Collisions involving buses turning left and pedestrian contact usually result in serious injuries and, sometimes, fatalities. All instructors should be aware of the top collision types that are occurring at their organization and what corrective actions to apply. I have had much success in administering corrective actions on a bus simulator when dealing with this high-risk issue. Allowing the student to see the results of an incorrect skill application in the low-risk environment of a simulator leaves a lasting impression on the student.
As you begin to categorize your collision types, look strongly at those left-side pedestrian contact collisions — what I like to call the "strong side," the side with more visibility and less visual obstructions.
I often hear of these so-called "blind spots" on the left side that cause knockdowns. A quick trip to the dictionary will reveal that a blind spot is "something not visible to the naked eye or in the equipment provided." In our case, the equipment provided are the mirrors. This would mean that there is one true blind spot that cannot be seen by the naked eye, or in the equipment provided, and it is the area directly behind the bus by the engine door area. Pedestrians obstructed behind the left mirror or left corner post as the bus is turning left are simply temporary obstructions, not blind spots! They are not blind spots because you can see them with the naked eye by moving in the seat around the mirrors and corner post.
In most cases, you will see misuse of the real-view and the convex mirrors. Real-view mirrors are set too high, along with too much bus visible in the mirror. The 1/5-rule of mirror setup solves this problem. That's the subject of a future blog. Many left-side incidents occur when the operator is moving out of the bus stop and when conducting left turns. Also, check how many of these pedestrian knockdowns have occurred on the operator's swing or finish trip.
The main causes of collisions and knockdowns while conducting left turns are:
- Failure of Bus Operator to "read" the intersection for the condition of traffic light (stale/fresh) and pedestrian activity before approaching the intersection.
- Excessive speed while turning - not covering the brake.
- Insufficient and untimely mirror scans.
- Failure to pause and glance over left shoulder while positioned at the intersection.
- Left-side real-view mirror not set up properly (Set too high and seeing the top of the right/left tire areas).
- Not "expanding" the view from the left-side mirror by not "crunching forward" over steering wheel or "rocking and rolling" in the seat to see around the temporary obstructions.
- "Bully me-first attitude" into a left turn without sufficient clearance from oncoming opposite direction vehicles.
- Incorrect positioning and use of the driver-side convex mirror, using the convex (distorted) view mirror instead of "real" view mirror (incorrectly set at the bottom of the rear tire area).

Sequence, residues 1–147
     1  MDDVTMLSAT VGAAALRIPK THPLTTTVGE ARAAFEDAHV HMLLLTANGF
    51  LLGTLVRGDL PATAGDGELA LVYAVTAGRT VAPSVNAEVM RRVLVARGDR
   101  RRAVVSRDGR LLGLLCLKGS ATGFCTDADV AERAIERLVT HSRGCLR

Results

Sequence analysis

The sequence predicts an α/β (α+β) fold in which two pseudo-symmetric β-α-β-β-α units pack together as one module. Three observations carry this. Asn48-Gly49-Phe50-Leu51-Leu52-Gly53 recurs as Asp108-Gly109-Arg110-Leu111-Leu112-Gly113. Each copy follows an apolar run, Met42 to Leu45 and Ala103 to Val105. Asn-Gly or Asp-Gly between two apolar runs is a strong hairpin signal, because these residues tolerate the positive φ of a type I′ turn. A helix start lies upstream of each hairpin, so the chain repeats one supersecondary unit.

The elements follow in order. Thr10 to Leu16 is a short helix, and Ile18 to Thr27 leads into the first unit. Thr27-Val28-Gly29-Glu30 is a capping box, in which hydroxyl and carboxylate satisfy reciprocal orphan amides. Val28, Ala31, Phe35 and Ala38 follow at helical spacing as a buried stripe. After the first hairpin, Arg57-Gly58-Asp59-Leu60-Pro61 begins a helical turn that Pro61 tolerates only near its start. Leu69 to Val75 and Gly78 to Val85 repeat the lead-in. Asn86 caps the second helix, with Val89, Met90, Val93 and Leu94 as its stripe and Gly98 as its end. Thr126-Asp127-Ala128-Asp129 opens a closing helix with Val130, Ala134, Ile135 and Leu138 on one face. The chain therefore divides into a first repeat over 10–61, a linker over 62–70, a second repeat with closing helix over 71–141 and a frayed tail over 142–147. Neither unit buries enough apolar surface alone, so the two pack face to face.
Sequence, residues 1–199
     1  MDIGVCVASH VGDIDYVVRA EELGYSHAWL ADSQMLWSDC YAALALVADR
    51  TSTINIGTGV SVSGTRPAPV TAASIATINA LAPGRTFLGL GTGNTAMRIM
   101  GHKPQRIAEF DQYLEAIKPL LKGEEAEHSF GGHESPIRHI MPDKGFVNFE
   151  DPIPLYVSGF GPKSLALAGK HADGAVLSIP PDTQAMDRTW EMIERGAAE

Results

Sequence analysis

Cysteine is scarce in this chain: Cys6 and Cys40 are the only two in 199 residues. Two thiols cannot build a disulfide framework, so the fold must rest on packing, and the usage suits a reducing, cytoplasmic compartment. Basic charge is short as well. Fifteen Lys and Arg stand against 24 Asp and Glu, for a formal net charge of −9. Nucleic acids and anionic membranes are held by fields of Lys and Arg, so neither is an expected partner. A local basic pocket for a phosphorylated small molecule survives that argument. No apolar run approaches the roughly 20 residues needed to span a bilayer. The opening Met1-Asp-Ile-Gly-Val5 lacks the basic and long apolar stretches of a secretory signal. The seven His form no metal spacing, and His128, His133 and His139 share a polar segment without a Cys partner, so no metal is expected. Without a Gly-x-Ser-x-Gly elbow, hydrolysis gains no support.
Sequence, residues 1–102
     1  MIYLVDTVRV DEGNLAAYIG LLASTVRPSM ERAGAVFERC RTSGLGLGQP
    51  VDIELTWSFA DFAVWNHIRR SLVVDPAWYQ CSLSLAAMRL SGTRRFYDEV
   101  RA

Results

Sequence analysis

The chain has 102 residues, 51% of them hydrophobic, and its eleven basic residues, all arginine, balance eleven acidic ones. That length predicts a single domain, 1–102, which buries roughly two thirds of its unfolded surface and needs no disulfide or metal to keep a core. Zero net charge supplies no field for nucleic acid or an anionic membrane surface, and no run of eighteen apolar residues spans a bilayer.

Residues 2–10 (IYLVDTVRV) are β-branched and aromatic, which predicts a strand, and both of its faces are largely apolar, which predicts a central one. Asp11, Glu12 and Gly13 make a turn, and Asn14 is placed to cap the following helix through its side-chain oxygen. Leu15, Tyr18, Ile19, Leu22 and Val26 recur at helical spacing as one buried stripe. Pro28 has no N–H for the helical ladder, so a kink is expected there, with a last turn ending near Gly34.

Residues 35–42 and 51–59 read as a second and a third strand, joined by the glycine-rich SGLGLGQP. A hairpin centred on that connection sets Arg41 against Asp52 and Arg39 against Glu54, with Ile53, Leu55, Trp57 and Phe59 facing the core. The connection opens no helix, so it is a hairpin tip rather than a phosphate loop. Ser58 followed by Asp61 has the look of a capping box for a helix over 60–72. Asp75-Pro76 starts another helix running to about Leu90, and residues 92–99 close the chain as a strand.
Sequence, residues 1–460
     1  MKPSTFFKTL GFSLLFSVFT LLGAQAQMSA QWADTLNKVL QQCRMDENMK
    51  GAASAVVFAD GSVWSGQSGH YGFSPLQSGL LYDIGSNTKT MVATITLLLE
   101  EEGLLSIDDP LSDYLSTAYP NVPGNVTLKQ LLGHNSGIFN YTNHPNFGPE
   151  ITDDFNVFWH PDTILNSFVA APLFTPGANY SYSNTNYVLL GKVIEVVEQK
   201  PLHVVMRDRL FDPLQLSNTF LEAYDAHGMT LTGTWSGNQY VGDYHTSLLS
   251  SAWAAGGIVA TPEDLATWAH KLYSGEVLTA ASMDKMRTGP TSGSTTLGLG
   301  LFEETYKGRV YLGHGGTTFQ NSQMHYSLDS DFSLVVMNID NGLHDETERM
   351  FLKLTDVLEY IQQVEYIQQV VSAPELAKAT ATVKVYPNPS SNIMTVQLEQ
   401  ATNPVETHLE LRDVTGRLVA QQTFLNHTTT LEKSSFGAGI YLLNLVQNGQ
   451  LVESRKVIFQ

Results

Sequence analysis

We must do a better job of introducing the proper set-up and the roles of both the real-view and convex mirrors to student operators. We need to have instructors that are on the same page in what they are teaching.
A standardized curriculum is the other ingredient. Many instructors, one message! Remember, if the convex mirror is positioned on the rear tire and has become the main driving mirror, it's just a matter of time before a serious incident will occur. The real-view mirror should be the main driving mirror, with it positioned to see just in front of the rear tires, while the convex should be positioned to see the area mid and away from the bus to just over the left shoulder of the operator — the maximum view along the left of the bus to compensate for an operator who fails to crunch, rock and roll, in the seat. If these mirrors have been reversed in their positioning, it's time to fix the problem before "the big one" becomes a reality.
Soon after reaching my 20th year in the transit industry, back in 1993, after a draining day of addressing routine bus issues, I would cross paths with another employee, who I always remember, seemed to be quietly “doing his own little daily gig.”
Years ago, I was with Louie Maiello when someone walked over and asked him for some advice: “We’re having problems with people remembering to secure the bus before they leave their seat. Do you have any advice? How can we get them to remember?” Without missing a beat, Louie said “PIN it.” The advice seeker happened to be a veteran mechanic, so he understood and walked away to resume his work. I stood there for a while scratching my head. Pin it?
Diagnose, Prescribe & Follow-Up, are the usual doctor’s actions that are utilized when visiting the doctor’s office for whatever is ailing us. This formula should also apply within your training department with regard to the ailment of Bus Collisions.
If we encourage our operators to treat operating a bus as a shift-long Zen moment, we may be able to reduce preventable crashes by a significant amount. The “Zen Operator,” who drives precisely at all times, is also less stressed. The Zen Operator flows through difficult, tight situations easily and their body language and vibe give passengers a sense of confidence. The operator whose passengers have a white-knuckle death grip on the back of the seat in front of them is not practicing “Zen Bus Operation.”
Ah, summer. Pool parties, barbecues, the smell of honeysuckle and the sight of lightning bugs. Or — a rise in crime, agitated riders seeking air conditioning, heat stroke, a new fiscal year, and the necessary, but unpopular, fare increases. However you view the summer months, with a direct correlation between high temperatures and increased crime, it's vital for transit leaders to be asking themselves, "Have we done everything possible to keep our people safe?"